Digital Access

Digital Access
Access from all your digital devices and receive breaking news and updates from around the area.

Home Delivery

Home Delivery
Local news, sports, opinion and more. The Bureau County Republican is published Wednesday and Saturday mornings.

Text Alerts

Text Alerts
Stay connected to us wherever you are! With bcralerts, get breaking news updates along with other area information sent to you as a text message to your wireless device or by e-mail.

Email Newsletters

Email Newsletters
Keep up with what's going on in your community by reading the bcrbriefs. This easy to read synopsis of today's news will be emailed directly to you Tuesday through Saturday at no charge. Sign up today!

The hold up on Habanero’s

PRINCETON – It’s been almost five months since a fire engulfed Habanero’s Mexican Grill and Cantina in downtown Princeton, yet charred portions of the building continue to be left untouched and in shambles at its location on South Main Street.

On Friday, insurance agent Pete Mangold of Princeton Insurance Group, confirmed the clean-up is slowly progressing. The hold-up has been the common wall located between Habanero’s and Tank’s Pet Store. He said the wall experienced structural damage during the fire, and a concern with engineers has been that the wall will collapse or cave into the pet store if any more of the Habanero’s building is torn down and removed.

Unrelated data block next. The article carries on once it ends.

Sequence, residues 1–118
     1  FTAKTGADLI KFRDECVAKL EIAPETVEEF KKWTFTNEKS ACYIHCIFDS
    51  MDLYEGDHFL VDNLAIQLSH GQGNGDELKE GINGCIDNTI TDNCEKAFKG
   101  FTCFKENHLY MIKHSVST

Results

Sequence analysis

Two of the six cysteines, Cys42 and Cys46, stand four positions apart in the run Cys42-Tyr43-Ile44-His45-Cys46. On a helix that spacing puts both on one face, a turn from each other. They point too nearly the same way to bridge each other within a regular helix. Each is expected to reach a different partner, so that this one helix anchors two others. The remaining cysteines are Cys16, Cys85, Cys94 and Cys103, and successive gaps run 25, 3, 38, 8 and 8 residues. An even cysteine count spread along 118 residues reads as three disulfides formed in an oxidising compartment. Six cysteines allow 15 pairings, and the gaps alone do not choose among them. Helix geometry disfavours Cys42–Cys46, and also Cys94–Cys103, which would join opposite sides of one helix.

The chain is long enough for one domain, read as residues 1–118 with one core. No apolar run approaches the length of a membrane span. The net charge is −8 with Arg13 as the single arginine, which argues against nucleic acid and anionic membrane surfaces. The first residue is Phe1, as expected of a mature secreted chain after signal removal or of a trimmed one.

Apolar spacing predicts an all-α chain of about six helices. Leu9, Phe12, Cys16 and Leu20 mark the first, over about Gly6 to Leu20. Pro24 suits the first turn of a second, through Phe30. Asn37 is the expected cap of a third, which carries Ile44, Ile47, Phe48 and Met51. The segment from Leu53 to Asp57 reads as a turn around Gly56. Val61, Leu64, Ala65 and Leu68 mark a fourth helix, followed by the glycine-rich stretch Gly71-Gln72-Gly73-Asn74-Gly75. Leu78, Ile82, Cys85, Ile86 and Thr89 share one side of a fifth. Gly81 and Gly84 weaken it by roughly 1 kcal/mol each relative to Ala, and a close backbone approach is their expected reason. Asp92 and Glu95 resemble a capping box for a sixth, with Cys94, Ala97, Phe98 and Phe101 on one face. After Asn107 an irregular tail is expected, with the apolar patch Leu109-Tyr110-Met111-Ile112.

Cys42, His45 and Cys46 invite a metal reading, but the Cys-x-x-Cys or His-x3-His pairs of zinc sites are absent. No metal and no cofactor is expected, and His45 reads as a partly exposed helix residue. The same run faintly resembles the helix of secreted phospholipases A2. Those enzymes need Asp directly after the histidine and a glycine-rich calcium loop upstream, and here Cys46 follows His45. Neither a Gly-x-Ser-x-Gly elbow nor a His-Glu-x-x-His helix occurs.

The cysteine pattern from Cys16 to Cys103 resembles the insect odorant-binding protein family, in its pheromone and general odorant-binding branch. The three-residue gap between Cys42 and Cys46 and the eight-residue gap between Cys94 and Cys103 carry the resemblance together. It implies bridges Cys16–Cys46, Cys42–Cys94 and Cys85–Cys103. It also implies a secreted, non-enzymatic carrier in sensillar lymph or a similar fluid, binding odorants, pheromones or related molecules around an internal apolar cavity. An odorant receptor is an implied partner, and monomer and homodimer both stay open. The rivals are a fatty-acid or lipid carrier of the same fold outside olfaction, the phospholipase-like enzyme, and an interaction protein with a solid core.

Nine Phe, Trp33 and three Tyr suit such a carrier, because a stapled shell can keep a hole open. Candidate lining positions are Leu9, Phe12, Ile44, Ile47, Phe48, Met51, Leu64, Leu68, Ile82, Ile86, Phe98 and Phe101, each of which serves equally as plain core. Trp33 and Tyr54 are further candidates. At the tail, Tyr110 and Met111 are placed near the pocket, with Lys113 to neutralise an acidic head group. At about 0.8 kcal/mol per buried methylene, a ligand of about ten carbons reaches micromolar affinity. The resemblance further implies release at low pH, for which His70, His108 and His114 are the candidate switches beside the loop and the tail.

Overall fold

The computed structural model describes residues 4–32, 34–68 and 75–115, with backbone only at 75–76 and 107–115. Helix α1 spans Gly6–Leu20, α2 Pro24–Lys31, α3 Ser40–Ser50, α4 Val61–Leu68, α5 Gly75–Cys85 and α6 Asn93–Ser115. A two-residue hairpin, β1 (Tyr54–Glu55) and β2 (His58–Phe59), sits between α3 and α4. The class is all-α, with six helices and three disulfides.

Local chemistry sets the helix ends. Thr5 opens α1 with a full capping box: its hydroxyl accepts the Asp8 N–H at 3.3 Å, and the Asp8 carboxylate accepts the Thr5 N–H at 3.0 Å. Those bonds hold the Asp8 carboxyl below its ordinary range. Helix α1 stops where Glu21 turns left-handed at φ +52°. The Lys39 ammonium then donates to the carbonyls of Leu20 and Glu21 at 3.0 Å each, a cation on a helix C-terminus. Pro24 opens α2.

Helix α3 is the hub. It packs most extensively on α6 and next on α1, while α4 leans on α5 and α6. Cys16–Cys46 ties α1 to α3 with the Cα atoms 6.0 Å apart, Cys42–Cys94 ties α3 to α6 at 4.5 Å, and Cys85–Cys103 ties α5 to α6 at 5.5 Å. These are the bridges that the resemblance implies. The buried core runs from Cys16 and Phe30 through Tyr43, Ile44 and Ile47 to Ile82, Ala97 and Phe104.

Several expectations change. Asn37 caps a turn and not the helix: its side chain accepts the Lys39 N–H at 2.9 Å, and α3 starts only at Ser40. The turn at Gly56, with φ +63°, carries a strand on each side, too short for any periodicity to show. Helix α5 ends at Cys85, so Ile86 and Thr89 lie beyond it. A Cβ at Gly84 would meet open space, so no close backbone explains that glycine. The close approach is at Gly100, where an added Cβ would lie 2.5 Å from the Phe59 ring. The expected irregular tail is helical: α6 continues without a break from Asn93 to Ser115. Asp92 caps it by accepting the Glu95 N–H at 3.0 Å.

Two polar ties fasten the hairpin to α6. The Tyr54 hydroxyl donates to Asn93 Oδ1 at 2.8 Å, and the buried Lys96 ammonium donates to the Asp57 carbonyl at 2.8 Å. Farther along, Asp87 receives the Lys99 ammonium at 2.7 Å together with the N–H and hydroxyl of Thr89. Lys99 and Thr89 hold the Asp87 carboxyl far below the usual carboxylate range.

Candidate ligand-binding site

The unstable wall has caused a drawn-out battle between the business’ insurance companies regarding who is responsible to pay to have the wall stabilized.

“Everyone wants to get this done and cleaned up, and that’s what the intentions have been this whole time,” said Mangold, who is the insurance agent for both Tank’s Pet Store and Habanero’s.

Shortly after the fire, a plywood fence was constructed in the front of the restaurant as a safety precaution. Workers recently removed the fence in time for the annual Beef & Ag Days celebration.

Mayor Keith Cain confirmed the front area of the restaurant was safe even though the fencing had been taken down.

In early May, crews attempted to clean-up the remains of the building when they discovered the unstable common wall and were forced to stall operations with fear the wall would collapse.

During this time, however, crews were able to determine the cause of the fire to be accidental, according to Mangold. He could not go into further detail on what exactly caused the fire.

After operations stalled, an orange snow fence was hung as a barrier from the disarray left behind the building. Time and summer heat have caused the orange snow fence to droop over and sag.

Although the fencing has wilted, Princeton City Clerk Pete Nelson said if the area is maintained behind the fencing it draws no concern for the city. The idea of the fencing is to keep wondering children and pedestrians away from the area. Nelson confirmed the city hasn’t yet had issues with trespassers through the building.

Nelson admitted he is a little concerned with how long the cleanup process has taken and the drawn-out issues between the two parties involved in the situation.

He said the city would like to see more progress in the next 30 days, adding the good news is the parties are now talking to each other and trying to reach an agreement. Nelson confirmed if it appears no progress has been made in the time frame given, the city will step in with reinforcement action.

Mangold confirmed a surveyor has recently been in to look at the damaged wall and a plan of action on how the wall will be fixed should be completed within the next week.

Comment on this story at

Loading more